How To Use a Belt Sander

Get the details on how to install a sand paper belt, how to move a belt sander and what projects to use it on plus much more.

Power sanders can be real-time savers on your next wood project. The key to using a belt or power sander is to avoid underdoing it or overdoing it.  Follow our steps on getting just the right method out of this time-saving tool.

Remember to always read the manufacturer’s instructions for your particular belt sander. You should always wear protective gear like eyewear protection and a dust mask.

A belt sander spins looped sheets of sandpaper-like tank treads. It’s a powerful tool, so it’s best for rough work and you need to know what you’re doing.

To install the sandpaper belt, you’ll unlock the tension between these two wheels. Flip the tension lever, or on a spring-loaded model, push the front roller against your work surface. Slip the new belt on with the arrows pointed in the direction of the spin. And flip the release to put the tension back on the belt.  Turn it on to see if the belt rubs or slips.  If it does, adjust the tracking knob to keep the belt centered.

The sanding action is linear, so you want to move in line with the grain. Keep the sander moving to an even, smooth pace.  Don’t press down on the sander. Let it do the work.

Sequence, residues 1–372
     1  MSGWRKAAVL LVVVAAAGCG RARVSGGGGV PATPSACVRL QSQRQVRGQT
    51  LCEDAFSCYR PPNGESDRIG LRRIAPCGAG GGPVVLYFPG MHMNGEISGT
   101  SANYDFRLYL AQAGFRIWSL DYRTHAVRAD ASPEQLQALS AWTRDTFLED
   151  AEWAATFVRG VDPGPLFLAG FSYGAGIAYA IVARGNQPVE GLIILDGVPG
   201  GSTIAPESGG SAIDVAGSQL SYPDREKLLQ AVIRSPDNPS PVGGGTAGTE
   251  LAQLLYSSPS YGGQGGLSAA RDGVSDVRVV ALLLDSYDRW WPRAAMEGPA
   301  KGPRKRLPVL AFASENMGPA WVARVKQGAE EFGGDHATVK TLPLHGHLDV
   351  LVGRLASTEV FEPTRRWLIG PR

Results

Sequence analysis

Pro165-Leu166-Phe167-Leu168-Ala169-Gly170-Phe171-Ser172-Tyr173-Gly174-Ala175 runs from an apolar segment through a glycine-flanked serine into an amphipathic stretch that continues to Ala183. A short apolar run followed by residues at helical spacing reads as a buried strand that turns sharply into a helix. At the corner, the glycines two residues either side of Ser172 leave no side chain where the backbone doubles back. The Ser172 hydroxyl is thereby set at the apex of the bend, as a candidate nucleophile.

Move in a zig-zag motion, let the sander go past the edge of the piece, and overlap your next pass slightly. When you’ve got a narrow edge to smooth with a wide belt, be careful to stay level. Or if you have several edges, you can do what’s called gang sanding. Clamp the boards together and sand all the edges at once.

The belt sander works so quickly, that you can really make a mess of your project if you’re not careful. If your sander has a variable speed, dial it down for delicate work.

Take care not to round off the edge of your piece by tilting the sander. It helps to use a scrap of wood as a stop at the edge of your project or to cut off the edge of your glue after you’ve sanded.

Gouges happen when the belt or sandpaper gets gummed up with dust, grit, pitch from the wood, and glue. Use clean belts, avoid sandpaper grits finer than 120.

Keep the sander moving at all times so you don’t sand depression. Lastly, keep it even on the surface so you don’t create dips, bowls or other imperfections.